Pentametron Makes Twitter The World's Greatest Poet

There are a lot of oft-repeated quotes from famous artists defining what art truly is to them:

“Art is the queen of all sciences communicating knowledge to all the generations of the world.” – Leonardo da Vinci
“Art is what you can get away with.” – Andy Warhol
“Art is lies that tell the truth.” – Pablo Picasso
“Art is art. Everything else is everything else.” – Ad Reinhardt
“Art is coming face to face with yourself.” – Jackson Pollock
“If you really want to hurt your parents, and you don’t have nerve enough to be a homosexual, the least you can do is go into the arts.” – Kurt Vonnegut
“Art is like a shipwreck… it’s everyman for himself.” – Marcel Duchamp
“Art is the most intense mode of invidualism that the world has known.” – Oscar Wilde
“For there is no greater art than a busty woman’s wet t-shirt.” – Burnsy

The point is that a lot of hippies out there think that we can find art in anything, to which I’ve always asked: “What about one of my dirty socks? Is that art?” The answer, of course, is no, because stinky is not art. Neither is something as silly as Twitter, I would have thought as well, but then along came Ranjit Bhatnagar and his fancy algorithms that have rocked my understanding of art to its very core.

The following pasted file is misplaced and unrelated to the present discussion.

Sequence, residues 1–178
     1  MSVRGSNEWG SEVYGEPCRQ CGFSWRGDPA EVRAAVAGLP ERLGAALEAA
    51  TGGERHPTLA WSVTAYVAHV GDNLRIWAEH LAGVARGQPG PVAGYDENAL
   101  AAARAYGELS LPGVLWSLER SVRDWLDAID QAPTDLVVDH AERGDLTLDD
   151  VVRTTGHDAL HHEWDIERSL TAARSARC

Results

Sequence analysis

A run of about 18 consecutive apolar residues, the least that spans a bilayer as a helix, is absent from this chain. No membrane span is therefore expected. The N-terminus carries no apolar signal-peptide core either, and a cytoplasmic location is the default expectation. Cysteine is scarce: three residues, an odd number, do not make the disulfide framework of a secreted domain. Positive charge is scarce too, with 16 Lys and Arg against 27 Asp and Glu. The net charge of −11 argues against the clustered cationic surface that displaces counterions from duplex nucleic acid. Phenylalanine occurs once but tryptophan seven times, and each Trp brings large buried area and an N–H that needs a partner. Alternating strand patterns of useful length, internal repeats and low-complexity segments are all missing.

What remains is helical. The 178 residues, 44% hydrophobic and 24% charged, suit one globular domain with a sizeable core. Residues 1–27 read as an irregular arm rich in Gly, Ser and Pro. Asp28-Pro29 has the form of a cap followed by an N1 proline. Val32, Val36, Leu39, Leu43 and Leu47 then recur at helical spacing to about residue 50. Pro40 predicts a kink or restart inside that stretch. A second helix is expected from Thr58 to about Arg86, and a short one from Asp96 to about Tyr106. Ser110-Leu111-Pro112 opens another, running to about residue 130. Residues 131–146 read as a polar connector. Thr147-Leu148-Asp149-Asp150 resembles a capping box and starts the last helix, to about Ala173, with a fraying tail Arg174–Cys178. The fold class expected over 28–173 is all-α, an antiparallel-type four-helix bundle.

Bhatnagar has created an algorithm that he calls Pentametron that finds random Tweets from every corner of Twitter and then connects them to form full rhyming poems. Or to put it a little better:

With algorithms subtle and discrete
I seek iambic writings to retweet.

Translated: This dude turned Twitter into a poetic art form. And it’s so impressive that I want to crash some coffee house poetry readings and impress all of the ladies with these insane poems. I’ve included Pentametron’s latest results after the jump (NSFW language), and now I just have to buy some bongos.